Years ago, Brad Johnson sure knew how to shed some light on something.
Or actually, someone.
It happened when he was a teenager. Johnson was a photographer for Bellevue High School and was covering a football game.
Back then, he had to use a bulky Speed Graphic camera, which had a huge flash.
Bellevue had the ball and its star running back was barreling down the sidelines. Johnson couldn’t focus the cumbersome old camera and shoot at the same time, so he focused on a spot 20 yards ahead. As the football player headed for a touchdown, Johnson fired off the flash nearly blinding the running back.
A couple days later, Johnson asked the football player if he’d seen the photograph.
“Yeah,” the player said, adding, “You about killed me with that (flash). I almost dropped the ball.”
Decades later, Johnson was sharing his photographic experiences in the Fremont Area Art Association building. In his talk, the photographer took listeners on a walk through two histories — this nation’s and his own.
Throughout the month, the Omaha artist’s photography has been on display in Gallery 92 West in downtown Fremont. The exhibit, titled “Scapes — Land, Water, Sky,” features 30 of Johnson’s works and is on view through the end of the week. Johnson talked about his photographic journey with art association members and guests at a recent luncheon.
Johnson’s dad, Lawrence, joined the U.S. Air Force and served as an engineer gunner on a B-17 bomber over Germany and France toward the end of World War II.
The photographer’s mom, Aloha Jean, moved to Lincoln when she was 18 years old and worked at the Capitol building.
“She was a fantastic shorthand talent,” he said of her rapid-writing skills. “She scored 99 percent on the testing, which was pretty amazing.”
When the federal government was recruiting staff for the Truman administration, she and a friend went to Washington, D.C. and stayed in barracks near Arlington National Cemetery. They worked for the Veterans Administration.
A highlight of that experience came when she was selected to represent the Cornhusker state and attend a White House garden party with war generals and wounded veterans.
There, she met President Harry Truman and his wife, Bess; and the highly distinguished U.S. Army General Omar Bradley and Admiral Chester Nimitz.
She also met Dwight Eisenhower, an army general who’d become president.
“Now we’re getting closer to home,” said Eisenhower said as he shook young Nebraska woman’s hand. Eisenhower had grown up in Kansas.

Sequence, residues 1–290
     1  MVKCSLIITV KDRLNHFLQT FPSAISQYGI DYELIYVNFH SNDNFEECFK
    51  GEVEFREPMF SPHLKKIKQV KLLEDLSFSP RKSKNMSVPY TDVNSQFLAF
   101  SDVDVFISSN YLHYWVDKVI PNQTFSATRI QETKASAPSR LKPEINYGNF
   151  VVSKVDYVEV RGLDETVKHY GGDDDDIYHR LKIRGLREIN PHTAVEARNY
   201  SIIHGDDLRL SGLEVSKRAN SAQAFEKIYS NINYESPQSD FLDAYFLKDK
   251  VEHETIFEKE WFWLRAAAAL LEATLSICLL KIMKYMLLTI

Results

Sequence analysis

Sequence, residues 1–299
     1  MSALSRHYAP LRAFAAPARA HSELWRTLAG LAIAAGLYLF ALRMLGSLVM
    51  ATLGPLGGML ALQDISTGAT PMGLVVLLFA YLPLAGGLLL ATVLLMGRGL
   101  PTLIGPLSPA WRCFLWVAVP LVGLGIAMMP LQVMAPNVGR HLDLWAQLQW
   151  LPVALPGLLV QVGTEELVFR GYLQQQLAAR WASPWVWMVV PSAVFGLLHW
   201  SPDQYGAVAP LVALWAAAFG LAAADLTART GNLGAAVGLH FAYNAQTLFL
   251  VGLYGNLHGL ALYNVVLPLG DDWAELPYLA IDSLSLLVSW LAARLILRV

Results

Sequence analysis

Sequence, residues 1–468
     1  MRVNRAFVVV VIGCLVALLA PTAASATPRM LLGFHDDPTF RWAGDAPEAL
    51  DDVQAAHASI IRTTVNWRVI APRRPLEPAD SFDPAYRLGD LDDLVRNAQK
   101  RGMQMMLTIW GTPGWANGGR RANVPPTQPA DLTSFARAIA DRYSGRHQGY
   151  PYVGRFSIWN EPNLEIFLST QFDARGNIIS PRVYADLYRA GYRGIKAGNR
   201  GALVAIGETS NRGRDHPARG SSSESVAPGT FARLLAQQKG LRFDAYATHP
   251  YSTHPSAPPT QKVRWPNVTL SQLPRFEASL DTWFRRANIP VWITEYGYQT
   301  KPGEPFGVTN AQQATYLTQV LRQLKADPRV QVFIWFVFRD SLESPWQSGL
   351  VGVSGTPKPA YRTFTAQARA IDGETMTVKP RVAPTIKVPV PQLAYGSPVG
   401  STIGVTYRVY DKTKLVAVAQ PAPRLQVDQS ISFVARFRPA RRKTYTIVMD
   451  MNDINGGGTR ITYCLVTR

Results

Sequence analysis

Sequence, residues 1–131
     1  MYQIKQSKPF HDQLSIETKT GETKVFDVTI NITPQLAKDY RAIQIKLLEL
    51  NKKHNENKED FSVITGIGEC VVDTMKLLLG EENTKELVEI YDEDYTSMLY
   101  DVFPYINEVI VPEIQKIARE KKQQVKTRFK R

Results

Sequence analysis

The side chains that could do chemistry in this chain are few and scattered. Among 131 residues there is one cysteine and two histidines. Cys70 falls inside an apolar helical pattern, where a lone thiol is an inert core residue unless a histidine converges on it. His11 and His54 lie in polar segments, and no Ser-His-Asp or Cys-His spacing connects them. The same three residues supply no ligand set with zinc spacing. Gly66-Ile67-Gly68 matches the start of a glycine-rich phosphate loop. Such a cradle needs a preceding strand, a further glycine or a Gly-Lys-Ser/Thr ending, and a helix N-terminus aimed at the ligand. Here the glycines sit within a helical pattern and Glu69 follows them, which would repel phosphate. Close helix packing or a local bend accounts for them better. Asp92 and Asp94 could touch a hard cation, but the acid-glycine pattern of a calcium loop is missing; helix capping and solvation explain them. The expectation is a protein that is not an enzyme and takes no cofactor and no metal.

Their handshake was photographed and made the newspapers.
Johnson’s parents married in 1949 and his mom later began taking photographs of the couple’s children. She took an up-close, eye-level photo of then-11-month-old Brad.
“Some of the best photos are taken at a low, low camera angle, so my mom must have gotten on the ground to take this,” Johnson said, before quipping, “I call this the attack of the giant baby.”
When Johnson was 2 ½ years old, his dad got orders to go to Japan. There was no base housing so the family lived in a neighborhood. Johnson showed a photograph taken of him and a little Japanese girl.
After three years, the Johnsons went to Otis Air Force Base on Cape Cod in Massachusetts.
President John F. Kennedy’s family home was in Hyannis on the cape. Johnson’s dad would fly to the Kennedy compound in Hyannis.
Johnson was a fifth-grader when his teacher gave him a note to take to the school office. He was in the hallway when he saw a teacher crying.
“What’s the matter?” Johnson asked.
“Somebody shot the president,” she said.
That was Nov. 22, 1963 — the day Kennedy was assassinated.
Johnson’s family later relocated in Bellevue, where he noticed a Scott Paper Towel promotion. The company offered to give away a Kodak Hawkeye Instamatic camera in exchange for 20 paper towel wrappers.
By then, Johnson was one of eight children so getting that many paper towel wrappers didn’t take long. The film-cartridge camera came in the mail and he started taking pictures and developing a love for photography.
He graduated from high school and later got a good job doing marketing research. He took computer programming and photography classes. Johnson met his future wife, Terese, in 1975 and they would become the parents of three children. He earned a bachelor’s of science degree in business at the University of Nebraska at Omaha in 1985.
The only photo contest Johnson ever entered was a Nebraska State Fair competition in 1980. He took a black and white photograph of a tiger, which he printed and processed himself.
He won first place in the animal and nature category.
In 2002, the Johnsons went to Ireland — a year after terrorists crashed airplanes into NYC’s Twin Towers, the Pentagon and in Pennsylvania.
“I remember the newscasters were saying, ‘Be kind to the Americans because they had a tragedy in their country last year,’” Johnson said.
The Johnsons traveled along Ireland’s coastline and his photographs reflect their journey. Included among the pictures is a scene of a horse and colt in a green pasture. Another photo shows a lone seagull on a large rock surrounded by rippled blue water.
His photos include Sandhill cranes. He has photographs of snow geese flying across a lake at DeSoto Bend. Other photographs depict Yellowstone Falls; Signal Mountain in the Tetons; and clouds in the winter at 188th and Maple streets.